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Summary for 4554 Latona AVE / Parcel ID 1890000225 / Inv #

Historic Name: Common Name:
Style: Arts & Crafts - Prairie Style Neighborhood: Wallingford
Built By: Year Built: 1917
This house was erected 1917 by owner James B. Barber, a building contractor who listed his address as 3934 Eastern on the permit application. The designer of the structure is not indicated on the permit A one-car garage is located in the basement of the building’s south wing and appears to have been added when the wing was erected for owner Richard J. Curry, a tailor, in 1921. The designer of the addition is listed as William J. Jones, a registered architect with offices at 422 New York Building at the time of the addition’s construction. The agent who filed the permit application was James B. Barber, a fact that suggests that Barber built the original house as a speculative development project. The property appears to have been acquired by Jay H. Taylor in the mid 1930s and by Jeffrey L. Turner in 1971. This structure is significant as an intact, well-maintained and fine example of prairie style residential architecture built at the end of Seattle first north end building boom
This is a two story, stucco and shingle clad frame residence on a concrete foundation over a full basement. This prairie style house features low slope hipped roofs with broad overhangs and enclosed soffits. Despite being a two-story structure, the house has a strong horizontal feel. The continuous horizontal line established by the eaves sets the tone and the detailing of the siding and the banding of the windows emphasizes the prairie style character of the structure. The fully glazed entry door is flanked by sidelights and centered in the back wall of the hip roofed entry porch. Shingle clad piers supporting the outside corners of the porch cover rest on wood capped, shingle clad porch railings. The porch rail caps are extended horizontally around the house to connect the sills of he main floor windows, reemphasizing the horizontal lines of the structure and dividing the simple shingle pattern of the skirting from the more developed pattern of shingles at the body of the house where the exposure of the shingles alternates from course to course. A similar horizontal trim element provides a stool on which the sills of the upper story windows rest and separates the stucco siding at the top of the walls from the shingles that clad the body of the house below. Almost all of the windows lighting the upper floor are identically sized casements units organized singly or in pairs. Almost all feature a muntin pattern typically associated with craftsman bungalows: at each window, a vertical muntin is situated a few inches from each side of the sash, and a horizontal muntin is situated an equal distance from the top and from the bottom of the sash, forming a border of alternating squares and rectangles around a large central light. In contrast, the double-hung windows at the main level of the house each feature divided lights in a 2 x 4 pattern in the upper sash over a larger undivided lower sash. At the south elevation, two of the latter units flank the chimney at the main level near the west end of the south wall. A group of three similar windows is located to the east. At the upper level, a single casement unit is located west of the chimney; a group of three, then a single, then a group of two casements extend to the east. A wing extends to the south and east from the back quarter of the south elevation. A deck wraps around this wing at the main floor level. Two French doors, each divided in a 5 x 3 pattern of rectangular lights, open to the deck from the middle of the wing’s west elevation. A driveway slopes down to the basement garage door, located below the deck at the west side of the wing nearly on axis with the French doors above. At the north wall, the casement units at the upper level are more sparsely distributed. They are joined by a much smaller unit between casement groups in the eastern half of the façade. At the main level, three small atypical windows are distributed across the façade. A door at the half level between the main floor and the basement opens to the side yard west of the center of the elevation. The east (rear) elevation cannot be viewed from the street. Also, the north side of the addition mentioned above cannot be seen from the street The addition of the southeast wing in 1921 must be regarded as a major alteration to the structure; however, because this work was completed just four years after the house was built in 1917, it is experienced as an original component of the design. No other significant modifications are apparent.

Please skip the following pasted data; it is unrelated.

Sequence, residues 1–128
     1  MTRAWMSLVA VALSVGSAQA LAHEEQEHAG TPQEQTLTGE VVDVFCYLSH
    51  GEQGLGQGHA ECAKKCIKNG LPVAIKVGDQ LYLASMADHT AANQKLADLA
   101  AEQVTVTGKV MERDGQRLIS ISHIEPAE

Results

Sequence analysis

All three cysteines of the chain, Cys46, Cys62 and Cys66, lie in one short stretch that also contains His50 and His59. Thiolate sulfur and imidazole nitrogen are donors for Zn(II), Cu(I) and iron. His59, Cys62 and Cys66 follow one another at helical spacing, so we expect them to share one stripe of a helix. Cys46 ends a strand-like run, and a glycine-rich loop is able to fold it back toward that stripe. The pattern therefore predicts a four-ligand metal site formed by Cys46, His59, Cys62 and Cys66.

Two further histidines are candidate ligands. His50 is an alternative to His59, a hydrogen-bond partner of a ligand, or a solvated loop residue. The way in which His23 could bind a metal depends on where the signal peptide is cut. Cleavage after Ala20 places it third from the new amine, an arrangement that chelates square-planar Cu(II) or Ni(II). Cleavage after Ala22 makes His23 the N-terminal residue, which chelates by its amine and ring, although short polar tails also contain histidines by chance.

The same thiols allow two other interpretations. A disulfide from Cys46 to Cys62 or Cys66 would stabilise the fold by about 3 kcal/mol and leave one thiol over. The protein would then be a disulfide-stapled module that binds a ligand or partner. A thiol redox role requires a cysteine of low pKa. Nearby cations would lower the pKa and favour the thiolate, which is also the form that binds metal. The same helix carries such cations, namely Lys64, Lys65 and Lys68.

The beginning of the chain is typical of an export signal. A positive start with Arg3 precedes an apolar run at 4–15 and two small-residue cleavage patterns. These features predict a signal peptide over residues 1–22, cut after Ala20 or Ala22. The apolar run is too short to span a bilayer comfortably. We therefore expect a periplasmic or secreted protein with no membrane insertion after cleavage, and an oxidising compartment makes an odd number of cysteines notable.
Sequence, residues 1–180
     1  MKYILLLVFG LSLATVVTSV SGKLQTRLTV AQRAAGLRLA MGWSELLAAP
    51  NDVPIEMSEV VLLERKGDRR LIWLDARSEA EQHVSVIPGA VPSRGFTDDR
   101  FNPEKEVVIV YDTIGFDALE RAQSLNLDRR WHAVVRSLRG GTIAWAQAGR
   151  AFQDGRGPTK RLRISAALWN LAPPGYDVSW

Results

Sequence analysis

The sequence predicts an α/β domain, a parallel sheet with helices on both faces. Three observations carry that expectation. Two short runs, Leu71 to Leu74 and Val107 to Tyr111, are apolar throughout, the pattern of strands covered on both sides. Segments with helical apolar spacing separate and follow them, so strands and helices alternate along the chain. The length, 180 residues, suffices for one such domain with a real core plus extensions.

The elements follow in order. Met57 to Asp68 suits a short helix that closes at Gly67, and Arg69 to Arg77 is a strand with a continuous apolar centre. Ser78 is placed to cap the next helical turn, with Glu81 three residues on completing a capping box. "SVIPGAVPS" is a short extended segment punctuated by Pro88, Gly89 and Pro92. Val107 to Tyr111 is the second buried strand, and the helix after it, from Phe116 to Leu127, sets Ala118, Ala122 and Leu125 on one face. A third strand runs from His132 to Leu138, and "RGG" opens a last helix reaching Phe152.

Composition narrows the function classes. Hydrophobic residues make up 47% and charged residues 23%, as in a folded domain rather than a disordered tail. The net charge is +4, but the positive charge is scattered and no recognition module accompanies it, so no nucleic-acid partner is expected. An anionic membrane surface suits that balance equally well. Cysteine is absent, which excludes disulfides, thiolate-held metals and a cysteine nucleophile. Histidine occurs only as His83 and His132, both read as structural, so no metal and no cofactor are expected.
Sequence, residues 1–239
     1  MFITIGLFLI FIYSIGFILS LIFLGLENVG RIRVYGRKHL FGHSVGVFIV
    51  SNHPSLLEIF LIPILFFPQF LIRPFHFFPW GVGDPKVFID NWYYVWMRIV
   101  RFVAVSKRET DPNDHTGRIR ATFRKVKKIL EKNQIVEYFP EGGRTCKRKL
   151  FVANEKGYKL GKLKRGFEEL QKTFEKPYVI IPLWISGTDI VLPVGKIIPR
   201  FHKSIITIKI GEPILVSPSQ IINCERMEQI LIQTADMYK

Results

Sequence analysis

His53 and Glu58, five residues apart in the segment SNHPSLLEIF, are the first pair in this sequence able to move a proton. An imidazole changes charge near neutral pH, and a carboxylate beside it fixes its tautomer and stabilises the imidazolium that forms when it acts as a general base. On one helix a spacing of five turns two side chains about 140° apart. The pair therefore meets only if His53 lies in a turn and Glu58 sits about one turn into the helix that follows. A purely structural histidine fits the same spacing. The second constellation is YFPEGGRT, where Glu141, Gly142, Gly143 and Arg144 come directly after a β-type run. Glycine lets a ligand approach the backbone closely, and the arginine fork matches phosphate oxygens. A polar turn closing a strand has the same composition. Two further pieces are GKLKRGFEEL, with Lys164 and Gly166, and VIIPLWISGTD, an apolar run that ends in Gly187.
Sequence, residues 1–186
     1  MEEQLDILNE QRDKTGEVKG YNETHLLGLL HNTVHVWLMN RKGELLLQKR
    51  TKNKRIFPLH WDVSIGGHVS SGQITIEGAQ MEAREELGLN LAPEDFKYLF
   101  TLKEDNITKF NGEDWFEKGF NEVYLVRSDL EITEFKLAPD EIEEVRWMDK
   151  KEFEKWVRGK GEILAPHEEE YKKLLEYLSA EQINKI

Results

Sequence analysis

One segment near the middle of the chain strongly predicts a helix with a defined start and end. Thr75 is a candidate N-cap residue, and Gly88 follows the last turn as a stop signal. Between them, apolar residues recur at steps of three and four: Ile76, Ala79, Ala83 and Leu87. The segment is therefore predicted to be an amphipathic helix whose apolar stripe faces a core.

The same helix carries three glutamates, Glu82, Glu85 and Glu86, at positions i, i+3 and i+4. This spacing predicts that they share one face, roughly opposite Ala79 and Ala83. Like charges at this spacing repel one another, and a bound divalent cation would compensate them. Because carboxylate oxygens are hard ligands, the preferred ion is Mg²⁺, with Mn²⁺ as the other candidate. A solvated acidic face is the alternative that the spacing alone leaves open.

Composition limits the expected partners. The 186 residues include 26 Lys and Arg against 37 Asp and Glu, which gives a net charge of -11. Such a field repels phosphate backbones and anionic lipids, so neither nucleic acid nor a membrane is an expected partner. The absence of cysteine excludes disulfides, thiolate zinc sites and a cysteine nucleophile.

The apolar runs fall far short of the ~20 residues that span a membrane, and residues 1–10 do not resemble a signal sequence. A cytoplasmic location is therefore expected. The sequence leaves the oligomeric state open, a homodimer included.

Detail for 4554 Latona AVE / Parcel ID 1890000225 / Inv #

Status: Yes - Inventory
Classication: Building District Status:
Cladding(s): Shingle, Stucco, Wood Foundation(s): Concrete - Poured
Roof Type(s): Hip Roof Material(s): Asphalt/Composition-Shingle
Building Type: Domestic - Single Family Plan: Irregular
Structural System: Balloon Frame/Platform Frame No. of Stories: two
Unit Theme(s): Architecture/Landscape Architecture, Community Planning/Development
Changes to Original Cladding:
Changes to Plan:
Changes to Windows:
Major Bibliographic References
City of Seattle DCLU Microfilm Records.
King County Property Record Card (c. 1938-1972), Washington State Archives.
Polk's Seattle Directories, 1890-1996.

Photo collection for 4554 Latona AVE / Parcel ID 1890000225 / Inv #

Photo taken Aug 19, 2004
App v2.0.1.0